Everyone knows money is leaving traditional media for new media.
But just how much money was being shifted and exactly where it was coming from has not been clear, until now.
In a new study, ad tracking firm Standard Media Index finds online advertising has taken a significant bite out of traditional advertising, with $2 billion being shifted from old to new media over the past nine months.
TV is taking by far the biggest hit, the study says.
National television is down $1.1 billion during that span, with broadcast losing $960 million and cable out $140 million.
And other TV, which includes local and syndication, has lost $400 million to digital.
“This is a shift that’s been going on for some time,” Scott Grunther, executive vice president of media at SMI, tells Media Life.
“A big part is continued fragmentation of the media landscape and more options for consumers and viewers. Metrics certainly play a role in terms of accountability. There are a lot of factors.”
In recent months, TV spending has been down sharply, and many hypothesized that the dollars were being shifted to digital. But that wasn’t known for sure.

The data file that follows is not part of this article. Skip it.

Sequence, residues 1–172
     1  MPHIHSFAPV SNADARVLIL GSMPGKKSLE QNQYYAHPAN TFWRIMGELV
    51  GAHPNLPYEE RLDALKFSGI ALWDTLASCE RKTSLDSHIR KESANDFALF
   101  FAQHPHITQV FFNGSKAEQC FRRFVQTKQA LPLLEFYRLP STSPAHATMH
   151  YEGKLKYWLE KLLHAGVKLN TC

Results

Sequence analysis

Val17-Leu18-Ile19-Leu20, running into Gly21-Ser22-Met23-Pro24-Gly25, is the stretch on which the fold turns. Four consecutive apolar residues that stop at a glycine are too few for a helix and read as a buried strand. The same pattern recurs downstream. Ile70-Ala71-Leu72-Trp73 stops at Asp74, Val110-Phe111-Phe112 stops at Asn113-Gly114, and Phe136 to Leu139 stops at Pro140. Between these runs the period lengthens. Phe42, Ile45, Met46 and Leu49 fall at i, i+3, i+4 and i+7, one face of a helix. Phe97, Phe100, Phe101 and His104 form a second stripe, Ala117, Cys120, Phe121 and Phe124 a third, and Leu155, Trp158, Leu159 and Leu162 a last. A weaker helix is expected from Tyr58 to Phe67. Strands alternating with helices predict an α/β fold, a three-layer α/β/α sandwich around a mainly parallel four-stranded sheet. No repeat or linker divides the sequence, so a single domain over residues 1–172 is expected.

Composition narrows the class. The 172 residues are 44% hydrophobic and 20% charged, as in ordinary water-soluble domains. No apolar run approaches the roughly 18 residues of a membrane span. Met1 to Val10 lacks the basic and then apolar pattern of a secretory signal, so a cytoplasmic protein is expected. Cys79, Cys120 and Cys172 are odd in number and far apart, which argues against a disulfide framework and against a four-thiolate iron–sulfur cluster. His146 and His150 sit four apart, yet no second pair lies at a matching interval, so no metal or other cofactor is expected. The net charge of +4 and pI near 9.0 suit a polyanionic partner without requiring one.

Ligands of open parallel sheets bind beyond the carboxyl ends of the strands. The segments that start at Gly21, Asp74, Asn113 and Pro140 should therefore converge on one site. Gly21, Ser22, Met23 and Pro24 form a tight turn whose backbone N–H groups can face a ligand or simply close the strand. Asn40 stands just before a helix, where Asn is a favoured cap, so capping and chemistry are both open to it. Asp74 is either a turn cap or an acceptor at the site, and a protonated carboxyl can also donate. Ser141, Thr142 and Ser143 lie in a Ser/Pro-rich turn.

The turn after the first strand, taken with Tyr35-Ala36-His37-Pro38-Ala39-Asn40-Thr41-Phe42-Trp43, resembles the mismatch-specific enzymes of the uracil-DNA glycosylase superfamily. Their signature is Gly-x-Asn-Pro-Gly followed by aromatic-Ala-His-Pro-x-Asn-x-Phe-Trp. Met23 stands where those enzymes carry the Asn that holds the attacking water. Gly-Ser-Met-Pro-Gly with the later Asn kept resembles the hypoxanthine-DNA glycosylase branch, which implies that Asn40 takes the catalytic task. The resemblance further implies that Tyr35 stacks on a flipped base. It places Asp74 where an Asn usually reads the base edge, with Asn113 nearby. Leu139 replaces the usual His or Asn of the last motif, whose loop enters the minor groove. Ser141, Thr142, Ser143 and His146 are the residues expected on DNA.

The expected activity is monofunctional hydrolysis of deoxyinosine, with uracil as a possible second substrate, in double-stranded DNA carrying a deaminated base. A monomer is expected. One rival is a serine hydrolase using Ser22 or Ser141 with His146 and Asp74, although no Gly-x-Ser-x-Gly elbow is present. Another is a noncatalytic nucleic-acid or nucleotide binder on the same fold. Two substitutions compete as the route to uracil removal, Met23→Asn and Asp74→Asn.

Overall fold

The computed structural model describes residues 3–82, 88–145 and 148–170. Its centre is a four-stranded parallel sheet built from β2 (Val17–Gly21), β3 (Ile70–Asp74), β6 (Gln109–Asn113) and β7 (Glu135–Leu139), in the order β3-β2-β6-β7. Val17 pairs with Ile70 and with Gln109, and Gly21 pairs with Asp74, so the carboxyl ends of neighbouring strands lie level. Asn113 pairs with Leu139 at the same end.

Grunther notes all the dollars being moved from television aren’t going straight to digital video. They’re being spread out among a number of different subcategories.
“They’re going all over,” Grunther says.
“Some of the biggest growing sectors have been social networking sites and the pure-play digital video sites, such as YouTube. Those sites as a collective bucket have been increasing at a significant clip.
“The other group that’s growing significantly are the players in the programmatic space. They’re growing at healthy year over year increases, although that area did soften up a bit in June.”
Digital is also stealing dollars from other traditional media, though none of the others have been hit nearly as hard as TV the past nine months.
Print has lost $350 million, and radio is down $150 million.
Meanwhile, $1 billion in organic money, or dollars that have been added to ad budgets rather than shifted from other media, has gone to digital.
The one medium that hasn’t been hurt by digital’s gains is out of home. It actually rose 1 percent during the survey period.
“Out of home is one media sector we left out on this, in terms of contributing to digital growth, because they are actually up slightly. They’ve had a slight resurgence of late,” Grunther says.